I recently finished reading an amazing book, The Rich Get Richer and The Poor Get Prison: Ideology, Class, and Criminal Justice (9th Edition). The book itself has too many statistics and can be quite dry at times, but the strong message that resounds through its pages is truly powerful. It is a damning account of the utter failures of the U.S.’s criminal justice system to properly and fairly punish and prevent crime. The book essentially argues that the criminal justice system does not simply punish the dangerous, but ONLY the dangerous and poor. By punishing the poor disproportionately, the criminal justice system perpetuates poverty and fails to solve the underlying social structures that led to this class divide in the first place. Here’s an excellent quote:

“…the criminal justice system focuses moral condemnation on individuals and deflects it away from the social order that may have either violated the individual’s rights or dignity or literally pushed him or her to the brink of the crime. This not only serves to carry the message that our social institutions are not in need of fundamental questioning, it further suggests that the justice of our institutions is obvious, not to be doubted….Not only does the criminal justice system acquit the social order of any charge of injustice; it specifically cloaks the society’s own crime-producing tendencies….by blaming the individual for a crime, the society is acquitted of the charge of complicity in that crime.”

Even worse, by punishing primarily the dangerous and poor, we ignore the crimes of the rich. White collar criminals who steal millions of dollars are routinely let go after very short prison terms of a few months or a few years at most, while the poor are put away for years at a time for nonviolent drug offenses and property crimes. Look at this data:

  • The average prison term for savings and loan offenders 1988-1992 was 36 months; the average sentence for burglary is 56 months, and 38 months for motor vehicle theft
  • The average loss in an savings and loan case is $500,000. The average loss per property offense (in 1995) was $1,251!
  • In 2000, the total cost of white collar crime was $404 BILLION. The total amount stolen in all property crimes reported in 2000? $16 billion. Yet, corporate executives rarely end up in jail.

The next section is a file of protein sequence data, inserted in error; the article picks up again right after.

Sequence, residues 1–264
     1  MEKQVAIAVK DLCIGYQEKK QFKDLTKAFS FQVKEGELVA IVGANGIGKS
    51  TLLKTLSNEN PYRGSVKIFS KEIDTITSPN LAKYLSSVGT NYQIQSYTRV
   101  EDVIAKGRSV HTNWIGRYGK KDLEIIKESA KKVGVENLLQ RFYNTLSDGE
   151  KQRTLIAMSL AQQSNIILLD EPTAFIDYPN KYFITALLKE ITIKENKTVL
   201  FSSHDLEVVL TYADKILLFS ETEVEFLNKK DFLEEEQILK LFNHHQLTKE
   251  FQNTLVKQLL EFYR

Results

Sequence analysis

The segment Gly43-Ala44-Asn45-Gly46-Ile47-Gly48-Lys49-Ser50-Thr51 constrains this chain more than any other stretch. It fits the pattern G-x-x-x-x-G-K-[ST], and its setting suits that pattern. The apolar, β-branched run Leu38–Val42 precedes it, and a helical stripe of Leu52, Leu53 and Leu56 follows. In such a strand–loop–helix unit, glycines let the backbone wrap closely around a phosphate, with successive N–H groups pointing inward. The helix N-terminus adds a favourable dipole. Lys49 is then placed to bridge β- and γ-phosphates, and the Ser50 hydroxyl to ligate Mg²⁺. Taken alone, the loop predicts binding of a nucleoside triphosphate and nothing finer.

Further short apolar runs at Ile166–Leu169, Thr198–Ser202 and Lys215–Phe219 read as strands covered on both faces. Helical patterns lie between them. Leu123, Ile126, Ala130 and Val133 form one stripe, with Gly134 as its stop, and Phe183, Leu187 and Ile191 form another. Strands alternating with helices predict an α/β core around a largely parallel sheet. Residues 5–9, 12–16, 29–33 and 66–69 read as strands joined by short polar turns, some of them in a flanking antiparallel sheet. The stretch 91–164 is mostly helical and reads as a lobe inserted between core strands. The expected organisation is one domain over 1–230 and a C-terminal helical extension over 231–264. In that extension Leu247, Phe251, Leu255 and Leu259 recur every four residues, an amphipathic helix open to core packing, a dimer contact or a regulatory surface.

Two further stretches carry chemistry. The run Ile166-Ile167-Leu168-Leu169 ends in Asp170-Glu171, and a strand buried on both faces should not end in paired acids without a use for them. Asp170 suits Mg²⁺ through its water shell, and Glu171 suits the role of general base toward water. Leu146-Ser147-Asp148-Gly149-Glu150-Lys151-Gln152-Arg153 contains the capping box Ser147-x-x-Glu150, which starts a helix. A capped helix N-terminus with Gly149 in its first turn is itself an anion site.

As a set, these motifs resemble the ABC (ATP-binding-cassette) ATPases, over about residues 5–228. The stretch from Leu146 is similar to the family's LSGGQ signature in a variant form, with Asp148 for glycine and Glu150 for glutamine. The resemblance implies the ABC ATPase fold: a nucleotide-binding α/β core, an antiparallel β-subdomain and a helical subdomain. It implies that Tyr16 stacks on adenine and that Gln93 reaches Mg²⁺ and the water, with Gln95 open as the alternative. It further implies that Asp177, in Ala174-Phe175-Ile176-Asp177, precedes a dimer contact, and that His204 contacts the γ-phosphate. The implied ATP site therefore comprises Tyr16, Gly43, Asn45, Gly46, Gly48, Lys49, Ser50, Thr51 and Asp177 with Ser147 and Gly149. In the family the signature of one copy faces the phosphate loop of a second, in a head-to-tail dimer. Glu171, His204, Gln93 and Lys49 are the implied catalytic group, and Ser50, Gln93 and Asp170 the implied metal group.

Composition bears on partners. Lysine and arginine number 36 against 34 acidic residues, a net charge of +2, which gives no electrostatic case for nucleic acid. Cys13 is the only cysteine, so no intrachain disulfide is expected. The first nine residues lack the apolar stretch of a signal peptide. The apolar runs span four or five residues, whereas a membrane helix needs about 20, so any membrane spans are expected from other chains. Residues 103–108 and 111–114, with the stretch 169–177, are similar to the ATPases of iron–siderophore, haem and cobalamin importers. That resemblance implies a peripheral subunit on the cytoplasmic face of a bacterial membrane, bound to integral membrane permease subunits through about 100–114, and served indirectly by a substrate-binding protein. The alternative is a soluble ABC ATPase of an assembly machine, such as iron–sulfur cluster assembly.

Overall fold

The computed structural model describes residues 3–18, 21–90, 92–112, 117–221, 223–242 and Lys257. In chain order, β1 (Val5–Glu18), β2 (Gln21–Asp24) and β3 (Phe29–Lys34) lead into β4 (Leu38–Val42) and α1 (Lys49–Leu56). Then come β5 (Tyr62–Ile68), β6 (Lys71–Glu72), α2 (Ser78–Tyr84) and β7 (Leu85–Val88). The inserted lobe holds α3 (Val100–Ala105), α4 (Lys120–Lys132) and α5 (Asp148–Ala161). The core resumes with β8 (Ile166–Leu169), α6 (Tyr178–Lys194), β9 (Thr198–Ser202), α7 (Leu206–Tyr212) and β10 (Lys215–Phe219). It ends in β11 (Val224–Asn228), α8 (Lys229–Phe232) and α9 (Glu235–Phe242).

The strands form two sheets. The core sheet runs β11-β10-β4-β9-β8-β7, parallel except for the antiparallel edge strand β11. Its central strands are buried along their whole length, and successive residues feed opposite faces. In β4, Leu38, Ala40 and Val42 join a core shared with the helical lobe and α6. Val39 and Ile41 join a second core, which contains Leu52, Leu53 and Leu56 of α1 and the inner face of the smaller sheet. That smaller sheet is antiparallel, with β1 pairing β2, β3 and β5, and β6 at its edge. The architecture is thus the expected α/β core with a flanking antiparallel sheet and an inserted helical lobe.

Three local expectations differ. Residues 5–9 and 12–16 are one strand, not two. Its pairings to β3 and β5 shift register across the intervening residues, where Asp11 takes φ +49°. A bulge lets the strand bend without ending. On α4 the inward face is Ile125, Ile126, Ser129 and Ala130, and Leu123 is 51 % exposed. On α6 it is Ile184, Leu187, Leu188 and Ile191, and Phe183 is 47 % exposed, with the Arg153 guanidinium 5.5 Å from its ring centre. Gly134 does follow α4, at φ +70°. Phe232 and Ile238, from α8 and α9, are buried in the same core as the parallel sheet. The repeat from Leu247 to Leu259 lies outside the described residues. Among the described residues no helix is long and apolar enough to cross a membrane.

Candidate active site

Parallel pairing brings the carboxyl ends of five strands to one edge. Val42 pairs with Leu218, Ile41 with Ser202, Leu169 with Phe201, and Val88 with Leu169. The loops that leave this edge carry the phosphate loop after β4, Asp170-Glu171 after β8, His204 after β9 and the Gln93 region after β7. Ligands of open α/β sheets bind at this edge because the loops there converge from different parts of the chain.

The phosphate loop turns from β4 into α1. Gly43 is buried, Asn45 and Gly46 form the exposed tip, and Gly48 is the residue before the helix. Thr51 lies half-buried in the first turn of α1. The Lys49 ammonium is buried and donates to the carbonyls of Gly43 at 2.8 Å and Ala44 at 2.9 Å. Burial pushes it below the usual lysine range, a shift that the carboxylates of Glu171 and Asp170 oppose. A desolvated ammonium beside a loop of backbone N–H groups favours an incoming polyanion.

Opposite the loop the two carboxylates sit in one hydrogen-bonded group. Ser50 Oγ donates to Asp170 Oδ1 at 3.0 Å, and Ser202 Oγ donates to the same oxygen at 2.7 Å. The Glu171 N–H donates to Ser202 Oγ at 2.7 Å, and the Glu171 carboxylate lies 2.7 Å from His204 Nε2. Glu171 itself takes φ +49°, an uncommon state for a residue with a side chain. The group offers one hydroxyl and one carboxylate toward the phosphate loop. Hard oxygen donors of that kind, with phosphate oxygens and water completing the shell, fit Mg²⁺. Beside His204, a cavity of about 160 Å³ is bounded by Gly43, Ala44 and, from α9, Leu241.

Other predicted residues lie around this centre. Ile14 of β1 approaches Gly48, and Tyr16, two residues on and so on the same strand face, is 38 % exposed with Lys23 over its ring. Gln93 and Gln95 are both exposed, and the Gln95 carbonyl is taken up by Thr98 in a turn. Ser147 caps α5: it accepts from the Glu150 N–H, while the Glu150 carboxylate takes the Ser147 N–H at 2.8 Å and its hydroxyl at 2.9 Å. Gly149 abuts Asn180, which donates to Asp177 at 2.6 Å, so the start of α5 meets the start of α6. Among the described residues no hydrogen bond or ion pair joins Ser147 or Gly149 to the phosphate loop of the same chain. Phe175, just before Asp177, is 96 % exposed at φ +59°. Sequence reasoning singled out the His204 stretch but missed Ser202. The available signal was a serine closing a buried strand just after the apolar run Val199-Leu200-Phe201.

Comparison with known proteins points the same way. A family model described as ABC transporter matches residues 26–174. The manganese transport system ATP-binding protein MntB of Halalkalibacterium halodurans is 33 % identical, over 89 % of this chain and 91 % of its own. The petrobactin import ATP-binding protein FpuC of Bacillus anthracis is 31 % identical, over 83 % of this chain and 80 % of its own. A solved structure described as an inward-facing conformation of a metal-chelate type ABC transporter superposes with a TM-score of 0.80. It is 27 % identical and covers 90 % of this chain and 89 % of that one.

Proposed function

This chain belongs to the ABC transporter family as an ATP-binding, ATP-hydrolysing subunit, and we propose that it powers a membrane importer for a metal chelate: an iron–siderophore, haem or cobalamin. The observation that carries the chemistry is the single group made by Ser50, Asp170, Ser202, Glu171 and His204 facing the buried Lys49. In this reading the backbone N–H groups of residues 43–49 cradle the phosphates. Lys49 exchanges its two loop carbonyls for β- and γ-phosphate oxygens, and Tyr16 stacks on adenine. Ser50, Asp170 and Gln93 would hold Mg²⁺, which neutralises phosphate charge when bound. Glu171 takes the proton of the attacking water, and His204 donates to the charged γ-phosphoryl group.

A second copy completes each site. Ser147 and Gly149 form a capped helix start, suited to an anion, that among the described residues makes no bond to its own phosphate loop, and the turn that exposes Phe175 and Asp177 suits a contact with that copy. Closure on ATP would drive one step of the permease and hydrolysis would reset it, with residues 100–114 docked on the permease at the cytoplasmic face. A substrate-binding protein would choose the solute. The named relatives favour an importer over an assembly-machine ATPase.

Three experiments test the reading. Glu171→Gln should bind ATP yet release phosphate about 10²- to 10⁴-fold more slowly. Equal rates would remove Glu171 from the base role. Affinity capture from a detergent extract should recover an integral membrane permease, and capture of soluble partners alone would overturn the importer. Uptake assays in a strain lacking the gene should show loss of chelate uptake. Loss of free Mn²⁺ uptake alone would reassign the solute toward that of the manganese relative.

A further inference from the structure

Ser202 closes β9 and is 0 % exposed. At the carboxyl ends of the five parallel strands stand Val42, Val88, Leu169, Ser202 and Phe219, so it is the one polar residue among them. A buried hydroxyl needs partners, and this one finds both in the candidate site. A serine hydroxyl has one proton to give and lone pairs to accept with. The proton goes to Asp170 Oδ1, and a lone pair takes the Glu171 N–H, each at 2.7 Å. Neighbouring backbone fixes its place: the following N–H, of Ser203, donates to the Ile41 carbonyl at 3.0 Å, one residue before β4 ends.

By failing to punish all criminals equally, we are failing to protect OURSELVES from the crimes of the rich. Our system does not work for either the poor or for the rich. This is reason enough to want to change it.

Finally, by punishing the poor, we are perpetuating the myth of “dangerousness” of the poor. By convicting the poor at a greater rate, we are not only plunging them into further poverty, but we are also making pushing forth prejudices and stereotypes. We stereotype the typical criminal as black and poor, and so we begin thinking of those who fit this description as criminal. We start suspecting that the poor are also dangerous. By doing so, we start thinking of the poor, the destitute, the homeless as not worth our time, and as something less than human. This type of prejudice and racism is unacceptable in the U.S., or indeed, any society.

The criminal justice system has the effect of dehumanizing the poor and separating them from society, as if they were different from the rest of us. They are not different – we, the rich and privileged, commit many crimes, but are simply protected by the unjust system we live in. The poor are the ones who are disproportionately caught up in the system because they lack the protection we have: competent legal counsel, and the sympathy of the general public. But they are not more dangerous, they are not more culpable. We fail to recognize their common humanity when we take on the views that the criminal justice system propounds. After all:

“He who passively accepts evil is as much involved in it as he who helps to perpetrate it. He who accepts evil without protesting against it is really cooperating with it.” – Martin Luther King, Jr.

And so, due to our personal assumptions of the “dangerousness” of the poor, we ourselves are deeply complicit in the failure of the criminal justice system to act fairly. By ignoring the problem, we partake in it. The first step is for us to confront our own inner prejudices; only then will change become a possibility.

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